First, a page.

The font size in Figure 1 is a little bigger than that in Figure 2. The translation is not literal, still retains the meaning. The Portuguese, “opções pagas” means paid option. Had the font size been same, the Portuguese version would have broken the width.

Responsive email and newsletter templates ease up email content localization.

Problem with local keywords

PPC professionals love local keywords because their bid price is low and they are less competitive, compared to global keywords. But organic marketers hate them because it’s difficult to create content around them.

The Hummingbird update worsens it. The update stressed on LSI keyword ideas. Since most local keywords are geo-targeted, replacing them with semantically equivalent phrases can be hard.

Let’s say you select the keyword “automotive parts” for your auto store in Miami, Florida. The location-specific form of the keyword would be “automotive parts in Miami.” If you replace the original keyword with “car components,” the two keywords would be similar in meaning.

Now, since you are localizing the content, you make the second keyword location-specific too by changing it to “car components in Miami.”

Organically inserting these keywords in the content could be challenging. Consider the statements below:

Statement 1: The list of car components is so huge that it often confuses the buyers.

Statement 2: The list of car components in Miami is so huge that it often confuses the buyers.

Statement 1 makes sense but the second statement doesn’t. Location-specific references around a keyword and its semantic variations can make a statement completely out of context.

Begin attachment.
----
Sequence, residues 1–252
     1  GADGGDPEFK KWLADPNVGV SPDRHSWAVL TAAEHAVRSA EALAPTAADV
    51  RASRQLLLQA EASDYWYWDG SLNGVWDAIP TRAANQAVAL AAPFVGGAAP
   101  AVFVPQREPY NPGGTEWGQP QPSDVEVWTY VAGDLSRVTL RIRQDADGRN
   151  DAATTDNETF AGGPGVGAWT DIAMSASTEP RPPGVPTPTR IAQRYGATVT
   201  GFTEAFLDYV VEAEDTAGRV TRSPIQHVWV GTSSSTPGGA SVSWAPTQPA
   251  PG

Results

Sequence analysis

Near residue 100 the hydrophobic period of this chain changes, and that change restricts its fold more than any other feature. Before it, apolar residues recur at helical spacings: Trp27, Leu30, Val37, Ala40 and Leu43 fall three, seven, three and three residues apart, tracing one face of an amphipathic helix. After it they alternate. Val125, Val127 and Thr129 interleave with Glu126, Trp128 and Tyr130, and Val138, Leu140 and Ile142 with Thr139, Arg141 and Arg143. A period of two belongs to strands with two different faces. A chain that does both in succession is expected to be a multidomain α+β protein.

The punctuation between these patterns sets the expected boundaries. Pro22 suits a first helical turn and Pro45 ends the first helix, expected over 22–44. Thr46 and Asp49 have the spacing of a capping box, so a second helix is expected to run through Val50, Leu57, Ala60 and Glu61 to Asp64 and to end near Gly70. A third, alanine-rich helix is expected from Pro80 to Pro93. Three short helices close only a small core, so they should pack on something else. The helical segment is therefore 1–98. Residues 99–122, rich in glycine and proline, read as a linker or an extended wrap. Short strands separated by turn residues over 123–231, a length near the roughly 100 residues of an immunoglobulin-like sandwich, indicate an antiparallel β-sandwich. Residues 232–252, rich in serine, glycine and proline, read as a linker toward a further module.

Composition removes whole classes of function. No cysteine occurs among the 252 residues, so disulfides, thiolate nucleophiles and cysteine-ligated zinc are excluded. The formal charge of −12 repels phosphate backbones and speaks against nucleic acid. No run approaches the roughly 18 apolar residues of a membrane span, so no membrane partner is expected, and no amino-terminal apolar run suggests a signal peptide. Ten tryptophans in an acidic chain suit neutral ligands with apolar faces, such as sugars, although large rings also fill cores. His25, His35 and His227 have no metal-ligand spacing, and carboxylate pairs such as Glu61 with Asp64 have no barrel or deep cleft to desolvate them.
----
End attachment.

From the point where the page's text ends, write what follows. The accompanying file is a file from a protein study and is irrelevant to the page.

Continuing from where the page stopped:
The only solution to this problem is naturally inserting geo-targeted keywords in the content. Consider the statements below:

Statement 3: I can be your guide if you want to select car components.

Statement 4: I can be your guide if you want to select car components in Miami.

Both statements are meaningful, though they are slightly different in meaning. Only content development skills can allow for the natural insertion of geo-targeted keywords in the content.

Local landing pages

Optimizing the local landing pages extends beyond maintaining NAP accuracy. For starters, you need to showcase your achievements in the region where your business is located, if possible a virtual map of the city and the location of your store in it. Google Map API is available for free public access along with various third party map APIs.

Offering region-specific giveaways can give your local landing page remarkable visibility and boost your sale. A short video on a local landing page introducing the staff who work in that branch is an entertaining way to personify your business.

Be creative, think out of the box and come up with your own ideas of optimizing the local landing pages.

Summing up

Local SEO has so many aspects to it that taking care of each and every one of them is not easy. The more challenges you overcome, the better your local SEO campaign works.

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Adam Frankel is President and CEO of Frankel Interactive, a leading South Florida digital agency specializing in custom websites development, eCommerce development and digital marketing. For over 15 years he's been working with businesses and government agencies to bring their organizations online. His goal is to help them implement strategies to successfully compete in an ever crowding digital marketplace. When he isn't touting the benefits of web-based marketing, he enjoys fishing and spending time on the waters surrounding Miami with family and friends.

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Henry
Henry
9 months ago

great info.

Anuj jindal
Anuj jindal
3 months ago

Thanks For sharing this wonderful Article I always implement your tips in my blog